Louisiana House lawmakers on Tuesday passed a bill that was originally crafted to support a Louisiana church pastor who dared authorities to arrest him when he publicly and repeatedly violated the state’s COVID-19 restrictions; however, legislators amended the bill by replacing virtually all of the text with new language that would prevent an emergency public health order from impeding on the right of religious assembly.
In a 66-23 vote, the House passed House Bill 9, introduced by Rep. Danny McCormick, R-Oil City. The bill seeks to “clarify” the legislative intent of the existing statutes on emergency powers, stating that the emergency powers “were not intended to violate the religious liberty guaranteed in Article I, Section 8 of the Constitution of Louisiana and the First Amendment of the Constitution of the United States of America.”
The new language is different from what was in McCormick’s original bill, though it may still provide the pastor with some reprieve from the law. McCormick, who sometimes attends Rev. Tony Spell’s Life Tabernacle Church in East Baton Rouge Parish, initially authored the bill to retroactively give the controversial Pentecostal pastor immunity from the criminal charges he faces as a result of his repeated and infamous violations of the state’s coronavirus restrictions. It also would have given Spell, and pastors in general, immunity from any lawsuits filed against him.
Spell made headlines around the country after he refused to obey Gov. John Bel Edwards’ stay-at-home order in March at the height of the pandemic. The self-proclaimed prophet, who claimed the governor dislikes him because he turns Democrats into Republicans, repeatedly held indoor services with crowds in the hundreds, giving numerous media interviews and openly scoffing at the governor’s order. He also made light of the seriousness of the pandemic, despite one of his congregants reportedly dying from the virus.
Spell was eventually given summonses for six misdemeanor offenses for allegations that he violated a cap on in-person gatherings of 10 people. Edwards put the restriction in place for several weeks in order to try to contain the state’s initial COVID-19 outbreak. Now, that restriction is mostly lifted, and religious gatherings have been taking place across the state for months.
While trying to garner publicity for ignoring COVID-19 protocol, Spell was then arrested and charged with assault for driving a bus toward a man protesting his church. A state judge ordered the pastor to wear an ankle monitor, stay in his house and refrain from church services as conditions of his bail for this charge, according to the Advocate.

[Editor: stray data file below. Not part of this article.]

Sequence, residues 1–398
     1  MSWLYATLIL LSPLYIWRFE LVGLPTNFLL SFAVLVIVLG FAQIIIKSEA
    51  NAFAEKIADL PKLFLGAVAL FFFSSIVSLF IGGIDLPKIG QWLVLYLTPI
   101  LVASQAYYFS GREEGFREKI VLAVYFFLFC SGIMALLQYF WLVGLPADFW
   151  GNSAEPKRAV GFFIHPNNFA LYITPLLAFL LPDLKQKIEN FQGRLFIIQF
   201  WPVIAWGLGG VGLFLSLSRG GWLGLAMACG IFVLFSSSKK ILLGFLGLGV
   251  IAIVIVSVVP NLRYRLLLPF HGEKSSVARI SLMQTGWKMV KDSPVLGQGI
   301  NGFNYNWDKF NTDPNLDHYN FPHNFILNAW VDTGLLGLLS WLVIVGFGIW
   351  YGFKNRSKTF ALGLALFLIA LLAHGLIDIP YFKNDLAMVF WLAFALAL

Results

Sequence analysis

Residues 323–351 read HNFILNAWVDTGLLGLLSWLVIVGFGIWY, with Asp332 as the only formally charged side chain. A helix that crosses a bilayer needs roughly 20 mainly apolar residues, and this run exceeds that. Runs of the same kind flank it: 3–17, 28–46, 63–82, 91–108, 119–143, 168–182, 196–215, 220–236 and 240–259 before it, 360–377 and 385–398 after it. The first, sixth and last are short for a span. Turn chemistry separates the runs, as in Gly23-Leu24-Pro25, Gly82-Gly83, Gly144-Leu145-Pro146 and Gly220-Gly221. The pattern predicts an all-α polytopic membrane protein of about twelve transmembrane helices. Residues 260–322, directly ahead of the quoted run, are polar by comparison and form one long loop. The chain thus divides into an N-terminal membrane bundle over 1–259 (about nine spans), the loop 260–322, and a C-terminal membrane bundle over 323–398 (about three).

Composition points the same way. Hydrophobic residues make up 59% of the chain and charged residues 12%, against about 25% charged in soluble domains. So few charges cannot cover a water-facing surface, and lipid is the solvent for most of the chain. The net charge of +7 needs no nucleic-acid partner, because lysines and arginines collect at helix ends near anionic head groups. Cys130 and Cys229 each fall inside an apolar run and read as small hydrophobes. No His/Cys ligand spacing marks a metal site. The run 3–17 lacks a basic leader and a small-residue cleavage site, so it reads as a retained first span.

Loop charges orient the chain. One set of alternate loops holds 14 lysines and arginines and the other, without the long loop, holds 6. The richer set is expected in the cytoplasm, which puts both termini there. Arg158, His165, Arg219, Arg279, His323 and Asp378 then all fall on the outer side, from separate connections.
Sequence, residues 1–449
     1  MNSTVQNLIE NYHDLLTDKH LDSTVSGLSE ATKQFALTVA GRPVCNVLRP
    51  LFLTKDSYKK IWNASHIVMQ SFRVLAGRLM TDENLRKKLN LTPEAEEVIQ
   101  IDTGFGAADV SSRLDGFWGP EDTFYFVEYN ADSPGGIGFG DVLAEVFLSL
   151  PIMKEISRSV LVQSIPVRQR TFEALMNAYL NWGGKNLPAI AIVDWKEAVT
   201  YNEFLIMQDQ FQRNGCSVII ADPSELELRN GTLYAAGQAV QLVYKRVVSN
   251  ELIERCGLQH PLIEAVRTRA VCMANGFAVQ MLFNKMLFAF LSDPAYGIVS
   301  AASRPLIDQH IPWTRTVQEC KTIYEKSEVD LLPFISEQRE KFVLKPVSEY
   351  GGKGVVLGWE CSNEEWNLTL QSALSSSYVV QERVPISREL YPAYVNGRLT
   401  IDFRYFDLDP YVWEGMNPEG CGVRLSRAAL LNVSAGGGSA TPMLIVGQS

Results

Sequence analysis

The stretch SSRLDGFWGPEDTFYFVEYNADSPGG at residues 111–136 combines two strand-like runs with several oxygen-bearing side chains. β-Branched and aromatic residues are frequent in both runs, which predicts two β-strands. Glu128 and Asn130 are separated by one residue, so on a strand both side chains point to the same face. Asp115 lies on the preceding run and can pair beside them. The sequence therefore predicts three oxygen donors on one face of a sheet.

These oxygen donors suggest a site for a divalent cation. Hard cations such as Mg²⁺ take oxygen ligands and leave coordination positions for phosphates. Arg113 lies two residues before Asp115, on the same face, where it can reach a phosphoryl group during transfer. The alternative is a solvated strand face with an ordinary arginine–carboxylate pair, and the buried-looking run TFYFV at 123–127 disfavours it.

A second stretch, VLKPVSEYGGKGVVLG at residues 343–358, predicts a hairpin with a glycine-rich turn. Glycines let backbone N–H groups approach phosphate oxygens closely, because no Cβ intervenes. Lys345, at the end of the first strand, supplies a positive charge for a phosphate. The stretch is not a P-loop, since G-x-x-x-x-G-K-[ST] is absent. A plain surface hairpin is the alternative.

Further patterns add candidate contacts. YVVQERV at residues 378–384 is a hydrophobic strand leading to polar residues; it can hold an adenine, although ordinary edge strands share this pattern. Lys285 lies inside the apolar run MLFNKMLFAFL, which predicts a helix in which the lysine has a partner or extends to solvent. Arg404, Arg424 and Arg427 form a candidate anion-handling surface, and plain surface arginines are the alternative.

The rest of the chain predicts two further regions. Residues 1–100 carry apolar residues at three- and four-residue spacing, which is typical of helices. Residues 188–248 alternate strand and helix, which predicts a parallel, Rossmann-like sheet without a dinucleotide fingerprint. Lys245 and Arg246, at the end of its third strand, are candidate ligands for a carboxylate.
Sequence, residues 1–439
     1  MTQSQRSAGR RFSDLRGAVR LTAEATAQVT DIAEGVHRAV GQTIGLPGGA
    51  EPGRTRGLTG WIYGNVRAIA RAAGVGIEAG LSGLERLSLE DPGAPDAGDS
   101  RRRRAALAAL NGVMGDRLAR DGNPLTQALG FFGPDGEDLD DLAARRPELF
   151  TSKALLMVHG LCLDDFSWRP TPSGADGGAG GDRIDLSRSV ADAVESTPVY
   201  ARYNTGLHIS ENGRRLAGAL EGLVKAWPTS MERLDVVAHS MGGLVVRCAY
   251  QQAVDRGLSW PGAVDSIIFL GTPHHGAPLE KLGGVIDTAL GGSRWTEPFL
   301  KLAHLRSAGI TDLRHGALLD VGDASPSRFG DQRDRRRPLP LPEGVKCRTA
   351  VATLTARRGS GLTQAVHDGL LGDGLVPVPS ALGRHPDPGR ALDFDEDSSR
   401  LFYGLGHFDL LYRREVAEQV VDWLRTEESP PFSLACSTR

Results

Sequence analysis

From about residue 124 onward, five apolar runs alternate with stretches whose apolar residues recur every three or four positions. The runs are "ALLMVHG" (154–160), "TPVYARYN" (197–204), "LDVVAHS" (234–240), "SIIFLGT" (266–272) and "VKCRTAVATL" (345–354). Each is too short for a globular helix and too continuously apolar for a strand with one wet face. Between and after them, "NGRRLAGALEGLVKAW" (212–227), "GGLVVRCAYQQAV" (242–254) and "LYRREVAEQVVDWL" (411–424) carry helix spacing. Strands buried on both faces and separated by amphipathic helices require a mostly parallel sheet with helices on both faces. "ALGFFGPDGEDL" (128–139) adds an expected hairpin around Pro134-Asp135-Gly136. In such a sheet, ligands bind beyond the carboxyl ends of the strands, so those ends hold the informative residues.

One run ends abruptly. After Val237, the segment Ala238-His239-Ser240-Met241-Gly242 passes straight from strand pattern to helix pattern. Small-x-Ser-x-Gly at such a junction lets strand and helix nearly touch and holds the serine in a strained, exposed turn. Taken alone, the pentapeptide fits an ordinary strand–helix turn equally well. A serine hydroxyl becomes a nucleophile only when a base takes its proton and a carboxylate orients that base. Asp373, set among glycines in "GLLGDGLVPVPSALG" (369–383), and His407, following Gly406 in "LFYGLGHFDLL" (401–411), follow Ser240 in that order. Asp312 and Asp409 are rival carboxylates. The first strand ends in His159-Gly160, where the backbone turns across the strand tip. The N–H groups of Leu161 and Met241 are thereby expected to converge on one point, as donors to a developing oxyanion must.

At a House criminal justice committee hearing last week, Spell and several members of his church testified in favor of the bill that would benefit him. While speaking, the pastor often conflated his arrest for driving a bus toward a protestor with his other misdemeanor charges for violating the governor’s health order — which did not result in arrests.
During floor debate on Tuesday, the most controversial part of the original bill — making it retroactive to March 11 — was replaced with an amendment by Rep. Alan Seabaugh, R-Shreveport, who said several lawmakers had problems with the retroactivity. Seabaugh’s amendment revamped the language in its entirety and transformed it from a bill that would make a new law to a bill that clarifies existing law. Nevertheless, the amendment failed to fully remove the retroactivity for any charges “pending on” the bill’s effective date. That sentence reads:
“The provisions of this Act are interpretive as provided by Civil Code Article 6 and are therefore remedial in nature and shall apply to all actions, charges, or claims pending on or filed after the effective date of this Act.”
The new bill does not appear to have any effect on social distancing restrictions and face-mask mandates, which Spell also refused to obey. In September, Spell missed a court hearing in his case because he refused to wear a mask inside the courthouse as required, claiming it infringed on his religious liberty, according to the Advocate.
HB 9 will go to the Louisiana Senate for consideration before heading to the governor for his final approval or veto.